Study Finds Only Some Cell Phone Users Protect Mobile Privacy

Sep 5, 2012 15:18:49Posted by John Skorick, MyAKA Founder & CEO

Study Finds Only Some Cell Phone Users Protect Mobile Privacy

These days, more people than ever are using smartphones, which means they are downloading apps for entertainment, work and other purposes at an astounding rate. Sometimes, you may encounter an app that seems suspicious or one that may require you to input your personal information, and these should raise red flags when it comes to mobile security. A recent survey from the Pew Research Center's Internet and American Life Project found that, of the 88 percent of respondents who own cell phones, 43 percent have downloaded at least one app to their device, according to the National Journal.

"The way a mobile app handles personal data is a feature that many cell phone owners now take into consideration when choosing the apps they will use," said Mary Madden, co-author of the report, according to the news source.

More than half (54 percent) of those who have downloaded apps reported they have changed their minds about installing apps upon discovering that they would be required to provide details such as phone numbers or email addresses to use the program. In that same vein, approximately one-third of cell phone users have uninstalled apps that were collecting personal information, such as GPS data and phone numbers.

The Washington Post reports that location security ranks low for many individuals, as only one in five reported turning off GPS tracking services on their phones and apps. Should location-based data fall into the wrong hands, criminals could potentially track you down in real life, which puts you in physical danger. This is something many may not consider when it comes to cell phone privacy, as data and identity theft tend to be in the forefront.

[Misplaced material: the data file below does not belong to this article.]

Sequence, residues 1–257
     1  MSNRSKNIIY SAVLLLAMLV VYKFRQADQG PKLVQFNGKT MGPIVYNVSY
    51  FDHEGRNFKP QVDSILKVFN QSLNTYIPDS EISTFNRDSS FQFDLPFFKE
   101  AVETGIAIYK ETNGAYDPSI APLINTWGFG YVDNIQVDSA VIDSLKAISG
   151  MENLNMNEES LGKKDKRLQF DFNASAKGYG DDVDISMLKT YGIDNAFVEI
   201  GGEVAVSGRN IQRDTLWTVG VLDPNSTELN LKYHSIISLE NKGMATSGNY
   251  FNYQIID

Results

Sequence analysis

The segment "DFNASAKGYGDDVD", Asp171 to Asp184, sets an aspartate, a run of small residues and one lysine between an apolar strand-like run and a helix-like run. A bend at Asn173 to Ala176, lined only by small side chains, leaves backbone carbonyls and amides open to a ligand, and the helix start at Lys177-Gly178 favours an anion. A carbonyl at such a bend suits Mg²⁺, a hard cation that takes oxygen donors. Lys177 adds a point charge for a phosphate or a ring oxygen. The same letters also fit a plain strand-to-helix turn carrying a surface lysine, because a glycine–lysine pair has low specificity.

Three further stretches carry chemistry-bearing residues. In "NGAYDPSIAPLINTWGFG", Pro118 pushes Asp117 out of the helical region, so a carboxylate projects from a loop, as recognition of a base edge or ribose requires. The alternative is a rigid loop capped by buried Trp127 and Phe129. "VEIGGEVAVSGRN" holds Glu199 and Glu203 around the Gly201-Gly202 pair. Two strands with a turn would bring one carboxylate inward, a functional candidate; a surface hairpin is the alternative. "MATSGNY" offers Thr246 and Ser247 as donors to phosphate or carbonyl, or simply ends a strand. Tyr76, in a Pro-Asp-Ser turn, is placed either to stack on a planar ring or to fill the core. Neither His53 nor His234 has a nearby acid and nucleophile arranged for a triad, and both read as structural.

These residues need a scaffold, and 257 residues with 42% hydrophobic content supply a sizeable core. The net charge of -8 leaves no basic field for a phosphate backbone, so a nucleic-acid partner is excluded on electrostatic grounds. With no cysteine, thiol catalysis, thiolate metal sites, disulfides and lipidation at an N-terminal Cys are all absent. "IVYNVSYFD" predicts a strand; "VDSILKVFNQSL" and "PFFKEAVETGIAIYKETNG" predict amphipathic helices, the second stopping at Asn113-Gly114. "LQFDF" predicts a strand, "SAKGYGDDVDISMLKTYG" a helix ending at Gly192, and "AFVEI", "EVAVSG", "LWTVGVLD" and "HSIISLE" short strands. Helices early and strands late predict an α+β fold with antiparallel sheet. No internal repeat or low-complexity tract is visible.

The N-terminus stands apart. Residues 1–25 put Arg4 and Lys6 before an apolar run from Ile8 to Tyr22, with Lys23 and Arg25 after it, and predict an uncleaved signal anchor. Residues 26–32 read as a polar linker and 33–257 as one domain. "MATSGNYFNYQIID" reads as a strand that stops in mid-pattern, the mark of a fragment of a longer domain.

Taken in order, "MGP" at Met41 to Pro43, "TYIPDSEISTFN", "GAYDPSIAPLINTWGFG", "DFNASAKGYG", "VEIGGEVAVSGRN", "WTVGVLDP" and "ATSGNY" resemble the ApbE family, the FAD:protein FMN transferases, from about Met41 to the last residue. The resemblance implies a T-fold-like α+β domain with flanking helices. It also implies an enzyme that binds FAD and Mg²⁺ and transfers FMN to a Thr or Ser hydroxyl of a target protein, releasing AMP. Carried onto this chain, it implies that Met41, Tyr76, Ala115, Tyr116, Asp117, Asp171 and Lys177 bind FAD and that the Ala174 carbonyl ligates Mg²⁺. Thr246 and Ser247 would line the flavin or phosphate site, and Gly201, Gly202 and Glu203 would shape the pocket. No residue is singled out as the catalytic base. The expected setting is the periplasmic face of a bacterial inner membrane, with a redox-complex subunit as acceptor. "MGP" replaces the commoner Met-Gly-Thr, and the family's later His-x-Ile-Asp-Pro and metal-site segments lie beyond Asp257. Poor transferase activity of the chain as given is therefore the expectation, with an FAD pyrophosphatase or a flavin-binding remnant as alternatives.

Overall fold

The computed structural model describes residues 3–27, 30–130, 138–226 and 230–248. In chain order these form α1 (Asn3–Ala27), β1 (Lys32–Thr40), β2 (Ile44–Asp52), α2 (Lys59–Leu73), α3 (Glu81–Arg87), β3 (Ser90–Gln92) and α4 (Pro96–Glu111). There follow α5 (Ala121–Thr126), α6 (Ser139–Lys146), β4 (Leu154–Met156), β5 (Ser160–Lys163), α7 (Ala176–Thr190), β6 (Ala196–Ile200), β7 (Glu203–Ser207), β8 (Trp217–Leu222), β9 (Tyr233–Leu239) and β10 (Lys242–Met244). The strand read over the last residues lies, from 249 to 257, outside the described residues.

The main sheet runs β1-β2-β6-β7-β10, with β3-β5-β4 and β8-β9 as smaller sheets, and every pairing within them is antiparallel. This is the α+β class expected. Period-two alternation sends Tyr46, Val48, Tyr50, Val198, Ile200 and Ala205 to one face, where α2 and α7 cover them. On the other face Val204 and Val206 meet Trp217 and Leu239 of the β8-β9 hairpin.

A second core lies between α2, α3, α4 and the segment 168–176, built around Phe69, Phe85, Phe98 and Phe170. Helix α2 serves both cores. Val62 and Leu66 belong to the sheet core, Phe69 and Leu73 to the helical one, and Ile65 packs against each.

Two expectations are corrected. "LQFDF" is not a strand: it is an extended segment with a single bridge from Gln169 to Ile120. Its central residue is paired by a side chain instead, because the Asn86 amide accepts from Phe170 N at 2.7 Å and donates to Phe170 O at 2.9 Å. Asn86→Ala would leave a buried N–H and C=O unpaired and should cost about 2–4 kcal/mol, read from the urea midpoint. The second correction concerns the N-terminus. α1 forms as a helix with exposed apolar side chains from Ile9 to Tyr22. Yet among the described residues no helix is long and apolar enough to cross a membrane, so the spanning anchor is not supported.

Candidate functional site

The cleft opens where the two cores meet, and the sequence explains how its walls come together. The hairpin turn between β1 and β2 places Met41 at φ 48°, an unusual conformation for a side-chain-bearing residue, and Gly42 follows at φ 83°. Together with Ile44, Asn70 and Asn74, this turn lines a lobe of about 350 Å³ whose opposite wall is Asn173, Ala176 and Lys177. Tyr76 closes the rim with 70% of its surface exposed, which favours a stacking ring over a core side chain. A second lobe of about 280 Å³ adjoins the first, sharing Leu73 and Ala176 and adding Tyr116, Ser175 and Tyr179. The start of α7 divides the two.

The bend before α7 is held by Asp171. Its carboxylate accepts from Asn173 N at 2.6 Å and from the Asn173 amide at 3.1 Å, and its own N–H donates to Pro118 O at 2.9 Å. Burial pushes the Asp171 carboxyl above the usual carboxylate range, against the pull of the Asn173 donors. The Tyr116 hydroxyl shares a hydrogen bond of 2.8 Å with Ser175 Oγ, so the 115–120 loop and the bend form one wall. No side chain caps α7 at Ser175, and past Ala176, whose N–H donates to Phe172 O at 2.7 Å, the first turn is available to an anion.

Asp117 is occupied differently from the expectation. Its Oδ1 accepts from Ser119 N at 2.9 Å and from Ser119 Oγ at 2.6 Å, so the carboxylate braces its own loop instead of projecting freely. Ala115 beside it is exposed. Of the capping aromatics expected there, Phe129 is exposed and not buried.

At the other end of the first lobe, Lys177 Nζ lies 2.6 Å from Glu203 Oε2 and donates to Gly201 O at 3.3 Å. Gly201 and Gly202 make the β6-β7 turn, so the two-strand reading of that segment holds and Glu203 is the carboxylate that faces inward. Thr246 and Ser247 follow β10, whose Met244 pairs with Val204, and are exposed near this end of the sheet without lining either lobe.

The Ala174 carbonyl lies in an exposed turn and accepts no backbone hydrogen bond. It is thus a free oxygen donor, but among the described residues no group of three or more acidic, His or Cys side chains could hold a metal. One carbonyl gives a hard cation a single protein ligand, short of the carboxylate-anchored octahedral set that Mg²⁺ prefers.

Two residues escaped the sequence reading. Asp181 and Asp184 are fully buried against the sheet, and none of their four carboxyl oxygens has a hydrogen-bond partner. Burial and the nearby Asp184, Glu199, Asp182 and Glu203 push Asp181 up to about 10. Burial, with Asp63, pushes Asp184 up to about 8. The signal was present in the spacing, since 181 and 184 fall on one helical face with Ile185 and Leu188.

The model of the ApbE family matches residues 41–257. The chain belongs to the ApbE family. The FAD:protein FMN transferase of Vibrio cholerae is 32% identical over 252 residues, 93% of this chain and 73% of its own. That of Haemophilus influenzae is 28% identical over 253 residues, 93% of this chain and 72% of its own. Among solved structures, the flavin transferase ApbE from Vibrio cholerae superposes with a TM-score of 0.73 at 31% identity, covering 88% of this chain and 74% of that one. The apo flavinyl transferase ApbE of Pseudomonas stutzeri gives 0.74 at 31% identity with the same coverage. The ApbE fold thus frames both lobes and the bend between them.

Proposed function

In addition to paying attention to what information your apps are accessing, you should also be wary of the data you personally put on your phone, including your browser history. The study found that only about one-third of cell phone users clear their mobile history regularly. You can also safeguard your device in case if it lost or stolen by putting a security access code in place. This requires you to enter a personalized code to be able to use the phone.

According to the Washington Post, lawmakers are making efforts to protect the privacy of mobile users by putting laws in place that would require app developers to make their privacy policies clearer and easier to understand. The Federal Trade Commission has raised concerns over the wording many companies use for their policy statements, as this can make it difficult for the average user to understand the terms and conditions, the news source points out.